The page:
As mentioned many times, the NERC CIP process has many exceptions that make the NERC CIP process less rigorous and comprehensive than many people have been led to believe. These exceptions include the exclusion of electric distribution, the exclusion of serial (non-routable) communications, the “brightline” criteria excluding “smaller” assets, and in terms of remediation, the NERC CIPs have no requirements to remove malware, etc. These exclusions have led many utilities to consciously exclude cyber security considerations for non-CIP critical assets. Even more, NERC has provided the utilities justification for “playing games” to exclude assets that should be included in the brightline criteria such as generation sites bigger than 1500MW. The NERC CIPs do not even include some of the recommendations from the final report of the 2003 Northeast Outage. I will say it again - NERC CIP compliance is not a comprehensive cyber security program.
There have been several documented instances where meeting the “letter of the NERC CIPs” not the “spirit” of what the NERC CIPs were supposed to be (i.e., cyber securing the electric grid) have caused significant impacts to the electric grid they were meant to secure. As an example, during a regularly scheduled firewall patch installation, a utility industry organization experienced multiple inter-control center communications protocol (ICCP) communication failures with other utility industry organizations. This resulted in an outage of ICCP communications for greater than 30 minutes. According to an internal investigation, the assets being updated were identified as CIP “qualifying” assets and were not considered CIP “critical cyber assets” (CCA) per the CIP Standards. The utility industry organization’s change control process for a qualifying asset did not require advance formal notifications and reviews from all possible stakeholders that would be required for an identified “CCA” asset. The security team adhered to its change control process and communicated the work being performed just prior to the transferring of systems. The late communication is believed to have contributed to the severity of the event and its duration. Not only is this a serious security breach, it is egregiously poor engineering under the guise of meeting NERC CIP requirements.
Why is this important? All of the cyber issues associated with the Ukrainian cyber attack would be out-of-scope for all existing versions of the NERC CIPs. Consequently, July 21, 2016, FERC issued a notice of inquiry (NOI) seeking comments on whether the CIP standards related to control centers used to monitor and operate the bulk electric system in real-time need to be modified in the wake of the Ukrainian cyber attack. Specifically, FERC said it is considering requiring that control center cyber systems be isolated from the Internet and that computer administration practices be implemented to ensure that only approved, or "whitelisted," programs are run. NERC noted in its comments on the NOI that the existing CIPs already include a number of requirements designed to mitigate risks associated with Internet connectivity. However, requiring such isolation, however, could have unintended operational impacts on functions such as data exchange, remote access, patch management and transmission scheduling that may outweigh any associated security benefits, NERC warned. The Edison Electric Association, Electric Power Supply Association and National Rural Electric Cooperative Association jointly also maintained that the existing CIP reliability standards are adequate and the lessons learned from the Ukraine attack "have helped validate" their effectiveness. However, DHS has already publicly stated: “Some asset owners may have missed the memo about disconnecting control system from the Internet. Our recent experience in responding to organizations compromised during the BlackEnergy malware campaign continues to bring to light this major cybersecurity issue—Internet connected industrial control systems get compromised. All infected victims of the BlackEnergy campaign had their control system directly facing the Internet without properly implemented security measures.” Moreover, in January 2016 (after the Ukrainian cyber attack), a NERC Advisory even recommended not using cyber security monitoring if it could impact grid visibility. As should be obvious from these examples, the NERC CIP approach ignores non-NERC CIP CCAs despite the potential for affecting the reliability of the electric grid as well as the DHS guidance about not connecting to the Internet.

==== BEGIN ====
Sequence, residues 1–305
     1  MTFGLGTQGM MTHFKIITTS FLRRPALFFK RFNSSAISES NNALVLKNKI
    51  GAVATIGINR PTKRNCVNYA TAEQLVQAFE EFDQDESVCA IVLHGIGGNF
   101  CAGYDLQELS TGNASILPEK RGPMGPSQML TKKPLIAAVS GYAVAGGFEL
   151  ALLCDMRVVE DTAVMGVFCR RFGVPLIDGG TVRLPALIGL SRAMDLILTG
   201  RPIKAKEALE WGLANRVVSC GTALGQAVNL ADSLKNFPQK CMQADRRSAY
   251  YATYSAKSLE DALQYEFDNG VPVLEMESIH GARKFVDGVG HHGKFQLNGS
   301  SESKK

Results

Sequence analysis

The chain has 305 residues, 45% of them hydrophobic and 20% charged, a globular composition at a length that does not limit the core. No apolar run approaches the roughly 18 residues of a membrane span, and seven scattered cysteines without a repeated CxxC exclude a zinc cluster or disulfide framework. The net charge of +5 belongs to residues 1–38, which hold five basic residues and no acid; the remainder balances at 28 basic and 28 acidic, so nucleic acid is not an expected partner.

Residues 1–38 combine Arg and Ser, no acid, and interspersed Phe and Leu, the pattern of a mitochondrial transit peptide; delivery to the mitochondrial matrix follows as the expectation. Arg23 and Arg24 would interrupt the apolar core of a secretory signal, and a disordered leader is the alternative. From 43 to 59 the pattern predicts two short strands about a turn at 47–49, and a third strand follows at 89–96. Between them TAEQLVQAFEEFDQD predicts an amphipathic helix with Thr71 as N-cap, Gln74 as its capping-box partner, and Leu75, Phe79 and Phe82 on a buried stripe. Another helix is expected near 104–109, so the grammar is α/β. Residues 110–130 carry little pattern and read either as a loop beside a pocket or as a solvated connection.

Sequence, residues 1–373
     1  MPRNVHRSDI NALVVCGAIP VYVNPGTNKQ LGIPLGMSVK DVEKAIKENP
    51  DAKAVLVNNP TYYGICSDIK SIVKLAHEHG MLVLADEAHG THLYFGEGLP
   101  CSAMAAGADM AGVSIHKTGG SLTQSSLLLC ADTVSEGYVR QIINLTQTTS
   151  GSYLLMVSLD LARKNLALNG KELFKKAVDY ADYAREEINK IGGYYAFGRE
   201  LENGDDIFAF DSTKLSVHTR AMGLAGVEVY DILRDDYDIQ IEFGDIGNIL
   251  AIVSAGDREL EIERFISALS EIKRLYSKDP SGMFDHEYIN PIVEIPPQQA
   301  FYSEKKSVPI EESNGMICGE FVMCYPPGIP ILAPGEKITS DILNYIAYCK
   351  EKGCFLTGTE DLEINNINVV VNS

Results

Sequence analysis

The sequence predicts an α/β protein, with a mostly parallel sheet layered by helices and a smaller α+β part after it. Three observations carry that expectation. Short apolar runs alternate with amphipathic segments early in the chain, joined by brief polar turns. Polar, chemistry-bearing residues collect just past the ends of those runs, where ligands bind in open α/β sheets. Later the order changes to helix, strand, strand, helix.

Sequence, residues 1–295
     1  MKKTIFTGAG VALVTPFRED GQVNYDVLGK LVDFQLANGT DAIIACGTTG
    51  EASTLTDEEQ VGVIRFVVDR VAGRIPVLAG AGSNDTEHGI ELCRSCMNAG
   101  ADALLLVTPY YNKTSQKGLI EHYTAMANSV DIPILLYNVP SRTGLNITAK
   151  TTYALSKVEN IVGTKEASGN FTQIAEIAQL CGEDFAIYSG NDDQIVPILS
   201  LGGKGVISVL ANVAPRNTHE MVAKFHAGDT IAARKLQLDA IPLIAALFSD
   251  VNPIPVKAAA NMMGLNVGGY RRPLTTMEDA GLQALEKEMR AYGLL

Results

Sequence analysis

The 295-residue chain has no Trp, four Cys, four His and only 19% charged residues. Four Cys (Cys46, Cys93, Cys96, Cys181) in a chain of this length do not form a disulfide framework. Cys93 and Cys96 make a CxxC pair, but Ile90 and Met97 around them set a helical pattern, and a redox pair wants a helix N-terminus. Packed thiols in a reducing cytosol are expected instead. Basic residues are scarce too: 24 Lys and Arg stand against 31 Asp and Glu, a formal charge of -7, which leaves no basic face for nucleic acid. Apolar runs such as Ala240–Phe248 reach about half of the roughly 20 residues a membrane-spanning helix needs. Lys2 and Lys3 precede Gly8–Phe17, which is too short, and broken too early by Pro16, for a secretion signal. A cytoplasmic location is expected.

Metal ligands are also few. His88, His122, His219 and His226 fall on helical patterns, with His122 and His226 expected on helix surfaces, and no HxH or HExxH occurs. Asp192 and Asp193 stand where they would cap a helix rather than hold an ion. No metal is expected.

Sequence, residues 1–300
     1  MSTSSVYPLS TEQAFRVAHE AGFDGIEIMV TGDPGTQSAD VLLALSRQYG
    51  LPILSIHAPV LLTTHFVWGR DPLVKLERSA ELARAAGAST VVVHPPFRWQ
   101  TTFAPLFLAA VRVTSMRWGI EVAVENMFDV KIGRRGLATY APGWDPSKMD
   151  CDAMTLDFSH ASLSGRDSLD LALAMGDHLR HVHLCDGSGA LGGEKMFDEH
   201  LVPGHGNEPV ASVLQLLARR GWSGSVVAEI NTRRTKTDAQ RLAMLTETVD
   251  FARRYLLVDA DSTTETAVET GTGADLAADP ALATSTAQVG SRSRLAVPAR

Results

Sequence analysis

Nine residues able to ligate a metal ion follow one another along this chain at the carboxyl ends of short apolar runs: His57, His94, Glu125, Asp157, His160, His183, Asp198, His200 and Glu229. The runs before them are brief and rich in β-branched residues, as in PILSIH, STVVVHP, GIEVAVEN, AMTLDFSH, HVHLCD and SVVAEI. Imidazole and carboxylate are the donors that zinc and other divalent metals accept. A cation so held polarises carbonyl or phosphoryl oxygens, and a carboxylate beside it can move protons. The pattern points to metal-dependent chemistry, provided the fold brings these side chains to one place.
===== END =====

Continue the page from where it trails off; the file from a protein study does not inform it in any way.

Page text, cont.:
As a result of NERC and the industry organizations statements about the irrelevance of the Ukrainian hack to the US grid, the Idaho National Laboratory will be making a presentation at the October ICS Cyber Security Conference on the relevance of the Ukrainian cyber attack to US electric utilities. Additionally, my abstract was accepted by the International Atomic Energy Agency on “The Implications of the Ukrainian Cyber Attack to Nuclear Plants”.
Why are NERC and the utility industry organizations so intent on keeping the grid cyber vulnerable? Why are the engineers continuing to be marginalized in the NERC CIP process?